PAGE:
Welcome to my blog. I never really thought I would be a blogger...not a serious one, anyway. So how did I end up here? It certainly wasn't brought on by the best of circumstances. I'm going to blog because I'm not going to be defeated by this. Maybe, just maybe, by getting out all the stuff that's floating around in my mind, I will keep emotional breakdowns at bay. That would be a welcome change. And maybe in the process of telling my story, I can be of some encouragement to others facing a similar challenge. But I'm getting ahead of myself...
Forever in my mind
President Roosevelt called December 7th, 1941 a day that will live in infamy. No one who was alive during the attack on Pearl Harbor will easily forget the horror of that day nor the events which were set in motion as a result. The nation and the world were changed forever. I was still 45 years shy of making my entrance into the world at that point...but I have my own day that will live in infamy, forever seared into my mind. My life, and the lives of my family members, seem to have been changed forever.
It was a Wednesday in early February 2007. I knew my mom had a doctor's appointment that day, and I knew we were expecting some answers. By that time, we had been looking for answers for a year and four months...since Mom's first seizure. The doctors had thrown around all kinds of possibilities, but nothing seemed to account for the symptoms she was experiencing. Finally they diagnosed her with Antiphospholipid Syndrome (APS), a somewhat rare blood disorder. The APS had caused one or more strokes, which caused the epilepsy. But when the neurologist reexamined some imaging, he didn't think that all the neurological damage had been caused by strokes. So off to the stroke specialist she went. In the meantime, Mom had stopped working and had begun receiving disability, she had stopped driving, and she had seen more doctors and had more tests than we could believe. And her mom (my grandma) and all her siblings had refused to believe anything was wrong and decided to cease communication (but that's a story for another blog).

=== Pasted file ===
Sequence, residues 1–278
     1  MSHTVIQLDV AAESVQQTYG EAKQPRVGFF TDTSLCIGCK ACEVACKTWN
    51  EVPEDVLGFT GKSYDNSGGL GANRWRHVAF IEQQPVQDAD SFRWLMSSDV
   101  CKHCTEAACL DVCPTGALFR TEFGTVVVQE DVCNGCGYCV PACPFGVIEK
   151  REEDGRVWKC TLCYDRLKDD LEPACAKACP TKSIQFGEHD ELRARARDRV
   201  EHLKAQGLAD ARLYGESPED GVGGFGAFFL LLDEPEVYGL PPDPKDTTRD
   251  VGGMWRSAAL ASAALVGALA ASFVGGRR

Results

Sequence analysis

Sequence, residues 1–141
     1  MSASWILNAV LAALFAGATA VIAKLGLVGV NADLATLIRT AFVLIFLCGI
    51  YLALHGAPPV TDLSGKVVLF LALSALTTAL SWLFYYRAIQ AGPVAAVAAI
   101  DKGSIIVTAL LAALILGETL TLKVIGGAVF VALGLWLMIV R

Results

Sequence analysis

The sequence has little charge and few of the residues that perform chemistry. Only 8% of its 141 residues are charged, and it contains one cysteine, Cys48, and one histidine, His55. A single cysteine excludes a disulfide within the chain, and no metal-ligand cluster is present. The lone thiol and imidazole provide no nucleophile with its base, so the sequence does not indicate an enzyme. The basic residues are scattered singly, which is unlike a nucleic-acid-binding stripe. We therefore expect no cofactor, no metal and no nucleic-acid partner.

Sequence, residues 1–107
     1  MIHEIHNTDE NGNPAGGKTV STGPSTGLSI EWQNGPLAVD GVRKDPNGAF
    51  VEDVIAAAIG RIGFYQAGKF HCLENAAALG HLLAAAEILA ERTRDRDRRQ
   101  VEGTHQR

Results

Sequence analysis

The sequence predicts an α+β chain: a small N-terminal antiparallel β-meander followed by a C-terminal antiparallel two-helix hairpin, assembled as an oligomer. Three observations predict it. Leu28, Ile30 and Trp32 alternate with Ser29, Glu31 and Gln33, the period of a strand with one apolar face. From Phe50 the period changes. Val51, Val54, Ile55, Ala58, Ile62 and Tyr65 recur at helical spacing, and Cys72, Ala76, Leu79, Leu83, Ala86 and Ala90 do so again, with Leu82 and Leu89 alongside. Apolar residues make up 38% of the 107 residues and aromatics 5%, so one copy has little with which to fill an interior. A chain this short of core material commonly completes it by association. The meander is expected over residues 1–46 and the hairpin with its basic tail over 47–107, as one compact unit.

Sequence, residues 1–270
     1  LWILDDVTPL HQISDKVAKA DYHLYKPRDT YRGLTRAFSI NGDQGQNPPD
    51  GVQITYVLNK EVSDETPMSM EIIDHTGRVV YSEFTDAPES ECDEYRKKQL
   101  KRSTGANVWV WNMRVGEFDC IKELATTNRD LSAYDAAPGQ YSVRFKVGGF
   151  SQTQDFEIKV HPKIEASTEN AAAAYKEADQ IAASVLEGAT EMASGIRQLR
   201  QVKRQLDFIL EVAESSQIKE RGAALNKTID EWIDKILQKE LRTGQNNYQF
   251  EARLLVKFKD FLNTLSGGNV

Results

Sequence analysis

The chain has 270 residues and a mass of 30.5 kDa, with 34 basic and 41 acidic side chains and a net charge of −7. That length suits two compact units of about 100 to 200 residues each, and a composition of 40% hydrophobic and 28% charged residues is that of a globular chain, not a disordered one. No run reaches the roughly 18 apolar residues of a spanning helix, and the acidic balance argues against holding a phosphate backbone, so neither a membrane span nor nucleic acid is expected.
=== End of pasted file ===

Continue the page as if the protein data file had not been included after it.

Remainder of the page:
I got the call in the afternoon. I was in the beginning of my sixth semester at Indiana Wesleyan University. I skipped chapel that day...I skipped a lot of chapels that semester because the emotional weight of dealing with Mom's health proved crushing for a time. In as cheerful of a voice as I had heard my mom use in a long time, she said, "Well, he said it's Alzheimer's. Early onset, they call it, since I'm 45. So, that's it! Now we know! I'm totally fine with it. I'm hopeful. I'm excited." For whatever reason, I was numbed to the gravity of the moment. "Well okay then," I said. No reaction. No tears, no questions, no anger...just, "well, okay then." Really, I had already thought about Alzheimer's before as a possible cause of some of Mom's symptoms; it just seemed to fit. So when she told me, it confirmed my suspicions.
I got off the phone and wondered why Mom had sounded so cheerful. And I wondered why I didn't feel anything at all. I thought about Mammaw, my great-grandma, who had passed away two weeks earlier from the same disease. I thought about how Mammaw didn't know anyone and eventually stopped speaking and eating. Still, nothing. So I went to work, ate dinner, worked on homework...it was on my mind, but I was unaffected. Then my phone rang again.
It was a man from my student loan provider, and he told me that I had to start paying off my loan at the end of the month. Panicking, I listened to his courtesy call and then promptly tried to call Brian, my stepdad, to figure out what in the world was going on. I still had a year of school left; I shouldn't have to worry about loans. But Brian didn't answer. I called him over and over. I called Mom's cell phone, and still no answer. I must have called the two of them fifteen times. So I got online, looked at my account information, and called the 800 number to get it straightened out. After a quick conversation, we realized where the breakdown in communication had occurred and everything was fine again. Everything, except me.
Mom called back and asked what I needed. I started telling her about the courtesy call, and as I explained my frustration, I started to cry. "It was just confusing! And I didn't understand what he was telling me!" I sobbed. Then Mom asked, as only a mother can, "Is that what you're really upset about?"